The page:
ANAHEIM -- The Blue Jays activated veteran outfielder Corey Patterson from the 15-day disabled list following Sunday afternoon's game against the Angels.
Patterson had been out since the final week of Spring Training, after getting hit in the head by a fastball from Boston's Daniel Bard.
The 31-year-old Patterson is expected to join the Blue Jays in Seattle on Monday for the start of their three-game series against the Mariners.
To make room on the 25-man active roster, Toronto optioned right-hander Scott Richmond to Triple-A Las Vegas.
Richmond's first stint with the Blue Jays this season didn't last very long. He joined the team on Sunday morning, when utilityman Mike McCoy was optioned to the Minor Leagues.
Richmond was called up just for one game to provide emergency depth to an undermanned bullpen, following Saturday night's 14-inning game. Toronto's bullpen used six relievers, who threw a combined 8 2/3 innings in that game.
Thanks in part to an impressive performance by starting pitcher Jo-Jo Reyes, Toronto didn't need to get much out of Richmond. He retired the only batter he faced in the bottom of the eighth inning.
"As much as our bullpen has been pressed into duty -- and 14 innings last night, quick turnaround -- Scott is someone that we can budget for 70 pitches today, if needed," Blue Jays manager John Farrell said before Sunday's series finale against the Angels.
Patterson is expected to take over starting duties in center field for the next few days, after Rajai Davis re-aggravated his right ankle injury.
The native of Atlanta has hit .253, with 112 home runs and 205 stolen bases, during his 11-year career.
Encarnacion sits out due to hip issue
ANAHEIM -- Edwin Encarnacion was held out of the Blue Jays' starting lineup on Sunday afternoon because of a strain to his right hip flexor.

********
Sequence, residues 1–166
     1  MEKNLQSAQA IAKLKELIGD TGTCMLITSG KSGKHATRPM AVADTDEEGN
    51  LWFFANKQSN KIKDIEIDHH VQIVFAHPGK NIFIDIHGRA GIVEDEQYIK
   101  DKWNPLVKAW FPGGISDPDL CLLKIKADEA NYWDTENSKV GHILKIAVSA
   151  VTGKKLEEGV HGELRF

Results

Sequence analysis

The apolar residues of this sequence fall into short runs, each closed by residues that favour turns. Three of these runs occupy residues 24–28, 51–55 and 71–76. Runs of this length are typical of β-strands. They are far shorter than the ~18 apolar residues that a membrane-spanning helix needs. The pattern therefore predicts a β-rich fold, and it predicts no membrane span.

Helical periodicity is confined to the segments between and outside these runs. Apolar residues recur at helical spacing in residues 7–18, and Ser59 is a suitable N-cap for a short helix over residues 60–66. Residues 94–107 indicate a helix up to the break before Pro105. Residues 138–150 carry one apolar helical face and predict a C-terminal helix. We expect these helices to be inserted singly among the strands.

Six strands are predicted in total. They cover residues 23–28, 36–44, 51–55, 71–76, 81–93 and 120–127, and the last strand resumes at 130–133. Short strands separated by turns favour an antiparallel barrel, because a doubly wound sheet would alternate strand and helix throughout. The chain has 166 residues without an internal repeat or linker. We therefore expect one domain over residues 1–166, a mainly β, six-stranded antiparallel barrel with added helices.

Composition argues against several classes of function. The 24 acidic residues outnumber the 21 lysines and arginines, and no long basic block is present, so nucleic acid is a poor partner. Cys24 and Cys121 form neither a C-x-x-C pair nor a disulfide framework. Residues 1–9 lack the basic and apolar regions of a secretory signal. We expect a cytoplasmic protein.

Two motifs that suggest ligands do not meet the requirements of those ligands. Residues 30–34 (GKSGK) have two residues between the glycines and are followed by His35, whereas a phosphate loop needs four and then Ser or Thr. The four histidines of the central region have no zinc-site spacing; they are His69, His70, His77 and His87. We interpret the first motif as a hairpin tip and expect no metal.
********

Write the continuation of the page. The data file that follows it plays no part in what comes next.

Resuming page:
Encarnacion suffered the injury while running to first base during the 13th inning of Saturday night's loss to the Angels.
"He didn't feel that popping sensation, so he would be available for limited action," Blue Jays manager John Farrell said. "But we don't foresee this being something that's going to keep him off the field for any length of time."
Encarnacion came under fire during the 11th inning of Toronto's 6-5 loss on Saturday. He fielded a routine ground ball at third base, but his throw to first sailed away from Adam Lind.
It was the fourth error in as many games for the 28-year-old third baseman. Despite the defensive woes, Farrell said he intends to stick with Encarnacion on the hot corner.
"The one thing that Edwin knows is that we have a lot of support for him, and we're going to continue putting him in there," Farrell said. "We feel like his bat is going to be an offensive weapon for us, and we have to continue to find ways to get him on the field."
Farrell also doesn't believe that Encarnacion is having any mental issues at third. He thinks it's more of a mechanical issue.
"I think there are times his arm slot will drop and cause that ball to run up the line, as was the case last night," Farrell said. "More than anything, if Edwin continues to get his feet in the proper position and his body moving in the right direction, it should let that throw stay true."
Encarnacion is hitting .167 (5-for-30) with one double and three RBIs this season. Last year, he posted 21 home runs with 51 RBIs.
Farrell intends to keep Rivera in lineup
ANAHEIM -- Blue Jays manager John Farrell said he intends to continue putting Juan Rivera in the lineup, despite his early-season struggles.
Rivera is batting just .154 (4-for-24) and has yet to record an extra-base hit. The lack of power production has been somewhat concerning for a player who hit a combined 40 home runs over the past two seasons.
"It's still a timing thing," Farrell said. "You see contact being made, yet you don't see him driving the ball like he's capable [of doing].
"We're committed to him, we're going to keep putting him in there."
Farrell thinks part of the issue might be related to Rivera's new role with the Blue Jays. Rivera is being used primarily as a designated hitter for the first time in his career, and that could lead to a period of adjustment.
"I know right now he's going through a bit of a thing where he's not accustomed to DH-ing," Farrell said.
"That is a role that is not easy for a player or position player that normally has been an everyday guy, where he's dealing with both ends of the game ... So there is a little bit of an adjustment that he is going through with that."